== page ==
Though he’s better known for his violent action novels, Stephen Hunter is also a no-nonsense Pulitzer-winning film critic for The Washington Post. His low tolerance for art-house violence and big-budget action have led to more than a few gleefully scathing reviews. Writing about the Bruce Willis blockbuster Armageddon, Hunter displays his everyman wit: "Watching it is like putting your head in a tin wash bucket while weightlifters whack it with golf clubs."
So, one inevitably wonders what Hunter will write about Shooter, the big screen adaptation of his regarded novel Point of Impact. Chances are journalistic integrity will demand that the review fall to another writer. A shame because it would be great to see him eviscerate this half-baked turkey.
Mark Wahlberg stars as Bob Lee Swagger, a reclusive marine sharpshooter who, after a mission gone wrong, retires to Wyoming to become a scraggly-bearded mountain man. In less time than you can utter Rambo meets The Fugitive, Danny Glover shows up asking Swagger to help prevent a presidential assassination. Recruited to map how he’d execute the commander-in-chief, Swagger deduces the best place and method only to (surprise) be set up. Wounded and pursued by the authorities, Marky Mark goes on the run while fresh-faced FBI agent Nick Memphis (Michael Pena) suspects things aren’t quite kosher. The two team up and with an arsenal of headshots and judo-chops, hunt both truth and bad guys … namely creepy Glover, greasy psychotic Elias Koteas and Ned Beatty as a Dick Cheney-like senator.
Director Antoine Fuqua proves again that Training Day was a fluke and he’s a filmmaker of limited means. Though the camerawork is often beautiful and the action is crisply staged, the tone of Shooter is schizophrenic at best. Mistaking paint-by-numbers politics for social relevancy, the film struggles to make its dopey action film conceits mean something. Fuqua was similarly misguided in Tears of the Sun (which, oddly, critic Hunter liked), trying to merge the ghastly political violence in Nigeria to a Bruce Willis shoot-’em-up.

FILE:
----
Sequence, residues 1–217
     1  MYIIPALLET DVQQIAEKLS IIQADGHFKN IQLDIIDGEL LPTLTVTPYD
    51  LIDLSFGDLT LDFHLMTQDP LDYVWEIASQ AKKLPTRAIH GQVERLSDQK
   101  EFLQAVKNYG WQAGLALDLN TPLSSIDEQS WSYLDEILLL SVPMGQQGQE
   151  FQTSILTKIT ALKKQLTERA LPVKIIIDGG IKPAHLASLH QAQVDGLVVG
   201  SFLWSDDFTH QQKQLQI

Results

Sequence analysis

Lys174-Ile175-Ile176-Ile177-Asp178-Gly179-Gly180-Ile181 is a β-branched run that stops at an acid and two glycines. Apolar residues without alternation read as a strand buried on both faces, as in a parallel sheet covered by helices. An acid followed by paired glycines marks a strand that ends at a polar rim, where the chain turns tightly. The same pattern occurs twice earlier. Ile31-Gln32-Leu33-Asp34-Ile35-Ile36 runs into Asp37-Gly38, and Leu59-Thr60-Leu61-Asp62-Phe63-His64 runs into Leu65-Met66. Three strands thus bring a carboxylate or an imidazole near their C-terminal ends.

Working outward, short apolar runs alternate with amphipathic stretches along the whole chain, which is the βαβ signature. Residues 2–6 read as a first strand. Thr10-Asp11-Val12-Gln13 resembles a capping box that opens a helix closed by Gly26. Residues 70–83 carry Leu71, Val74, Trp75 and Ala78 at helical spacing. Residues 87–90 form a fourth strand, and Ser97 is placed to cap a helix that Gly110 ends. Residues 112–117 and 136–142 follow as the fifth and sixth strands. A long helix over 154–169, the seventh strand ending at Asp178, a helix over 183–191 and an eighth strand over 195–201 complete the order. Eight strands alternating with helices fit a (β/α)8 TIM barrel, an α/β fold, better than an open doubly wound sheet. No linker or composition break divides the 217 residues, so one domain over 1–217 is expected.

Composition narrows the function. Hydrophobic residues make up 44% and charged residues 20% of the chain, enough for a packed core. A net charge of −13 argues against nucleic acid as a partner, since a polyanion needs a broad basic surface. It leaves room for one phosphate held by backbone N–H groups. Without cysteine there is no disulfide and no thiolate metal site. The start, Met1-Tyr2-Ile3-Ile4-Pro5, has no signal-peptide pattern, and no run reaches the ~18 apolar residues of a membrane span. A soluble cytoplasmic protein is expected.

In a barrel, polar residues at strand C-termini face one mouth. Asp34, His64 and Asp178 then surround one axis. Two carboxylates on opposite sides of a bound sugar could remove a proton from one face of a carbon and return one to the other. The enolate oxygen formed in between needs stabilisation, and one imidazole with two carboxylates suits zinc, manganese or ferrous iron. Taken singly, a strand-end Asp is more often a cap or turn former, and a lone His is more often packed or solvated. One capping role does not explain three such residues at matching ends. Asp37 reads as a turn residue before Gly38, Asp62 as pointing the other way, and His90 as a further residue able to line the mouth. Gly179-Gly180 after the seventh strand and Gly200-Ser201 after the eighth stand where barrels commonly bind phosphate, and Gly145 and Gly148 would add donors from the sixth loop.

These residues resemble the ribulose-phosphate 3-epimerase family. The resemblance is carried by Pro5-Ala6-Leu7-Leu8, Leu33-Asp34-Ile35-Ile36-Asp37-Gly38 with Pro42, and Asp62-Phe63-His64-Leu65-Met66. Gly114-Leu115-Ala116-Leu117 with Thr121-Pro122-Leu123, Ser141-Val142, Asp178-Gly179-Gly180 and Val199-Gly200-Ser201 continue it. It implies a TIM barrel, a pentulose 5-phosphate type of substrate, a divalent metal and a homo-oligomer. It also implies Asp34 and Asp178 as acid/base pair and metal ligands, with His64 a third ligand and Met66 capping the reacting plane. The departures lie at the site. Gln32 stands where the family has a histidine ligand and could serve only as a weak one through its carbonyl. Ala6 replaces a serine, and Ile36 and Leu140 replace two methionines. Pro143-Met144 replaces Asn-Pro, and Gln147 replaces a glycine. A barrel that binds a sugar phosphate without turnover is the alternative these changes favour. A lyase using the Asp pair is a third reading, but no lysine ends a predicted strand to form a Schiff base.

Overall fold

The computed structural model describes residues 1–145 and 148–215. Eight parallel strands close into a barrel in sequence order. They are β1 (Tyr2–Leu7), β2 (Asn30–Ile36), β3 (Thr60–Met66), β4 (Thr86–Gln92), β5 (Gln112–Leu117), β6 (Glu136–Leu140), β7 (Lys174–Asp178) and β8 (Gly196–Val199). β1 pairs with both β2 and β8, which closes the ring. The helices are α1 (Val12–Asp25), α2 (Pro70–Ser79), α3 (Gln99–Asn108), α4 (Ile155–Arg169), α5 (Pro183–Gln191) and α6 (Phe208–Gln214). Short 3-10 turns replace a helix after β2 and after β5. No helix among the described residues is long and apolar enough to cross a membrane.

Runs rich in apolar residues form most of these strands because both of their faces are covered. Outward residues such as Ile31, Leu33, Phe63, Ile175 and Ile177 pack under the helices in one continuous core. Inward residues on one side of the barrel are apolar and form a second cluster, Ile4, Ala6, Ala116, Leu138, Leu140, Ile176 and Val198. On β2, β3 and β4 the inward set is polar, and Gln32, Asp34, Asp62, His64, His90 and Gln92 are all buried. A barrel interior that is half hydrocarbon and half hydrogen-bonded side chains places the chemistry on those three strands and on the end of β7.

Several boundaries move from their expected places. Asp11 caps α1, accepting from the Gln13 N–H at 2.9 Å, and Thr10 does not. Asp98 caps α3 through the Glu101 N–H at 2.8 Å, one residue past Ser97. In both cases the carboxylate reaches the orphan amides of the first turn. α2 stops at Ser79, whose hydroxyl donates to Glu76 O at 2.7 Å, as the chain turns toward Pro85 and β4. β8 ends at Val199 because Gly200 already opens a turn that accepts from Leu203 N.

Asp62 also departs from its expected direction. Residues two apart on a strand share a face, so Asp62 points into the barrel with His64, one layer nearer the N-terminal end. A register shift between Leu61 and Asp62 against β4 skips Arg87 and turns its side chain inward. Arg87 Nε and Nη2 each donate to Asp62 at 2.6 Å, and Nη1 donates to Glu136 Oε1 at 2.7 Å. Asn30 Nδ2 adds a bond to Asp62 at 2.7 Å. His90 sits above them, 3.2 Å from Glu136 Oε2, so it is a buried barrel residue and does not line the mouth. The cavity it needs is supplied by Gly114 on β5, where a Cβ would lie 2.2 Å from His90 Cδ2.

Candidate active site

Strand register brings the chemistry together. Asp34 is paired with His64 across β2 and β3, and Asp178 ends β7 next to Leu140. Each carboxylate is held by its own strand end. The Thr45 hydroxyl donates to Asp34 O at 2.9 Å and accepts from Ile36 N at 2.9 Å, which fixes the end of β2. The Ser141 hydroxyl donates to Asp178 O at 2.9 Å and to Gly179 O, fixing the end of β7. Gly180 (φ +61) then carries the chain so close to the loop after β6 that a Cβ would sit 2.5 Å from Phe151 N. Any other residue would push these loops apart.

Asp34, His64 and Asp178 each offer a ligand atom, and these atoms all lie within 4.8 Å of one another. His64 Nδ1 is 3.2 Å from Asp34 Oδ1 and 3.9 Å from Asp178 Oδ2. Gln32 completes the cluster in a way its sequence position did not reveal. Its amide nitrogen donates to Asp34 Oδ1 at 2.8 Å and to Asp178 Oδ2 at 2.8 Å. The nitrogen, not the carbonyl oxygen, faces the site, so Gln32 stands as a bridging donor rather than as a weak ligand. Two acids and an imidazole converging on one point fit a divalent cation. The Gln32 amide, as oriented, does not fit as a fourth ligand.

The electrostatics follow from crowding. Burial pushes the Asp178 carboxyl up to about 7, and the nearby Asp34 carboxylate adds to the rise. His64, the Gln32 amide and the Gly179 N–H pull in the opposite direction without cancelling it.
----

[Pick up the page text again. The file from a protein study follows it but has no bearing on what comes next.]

Here, cars crash, things explode, and lots of helicopters zip about as Wahlberg eliminates his enemies without sweat. Fuqua clearly believes no plot hole too big for a sub-atomic explosion.
Shooter’s saving grace is the charisma of its two lead actors. They’re an entertaining contrast in laid-back styles: one stoic and manly, the other earnest and chipper. Wahlberg has intensity to spare, selling even his stupidest lines with conviction. He’s a good choice for an action hero, bringing a sense of gravity and underlying decency. Pena, who shined brightly in Crash, is charming as the laconic boy scout unwilling to let sleeping dogs lie. He turns a clichéd character into something watchable.
The supporting cast vacillates between hammy and blandly earnest. It’s as if they don’t know what kind of film they’re in. Only Levon Helm finds the right balance of nuttiness and menace as a conspiracy-obsessed ballistics expert. His line, "I still have the shovel," is the film’s best moment.
Ultimately, Shooter might best be summed by this mash-up of classic Hunter pan: "While the movie is stupid, it is — hooray, and let’s put this in all the national ads! — not appallingly stupid."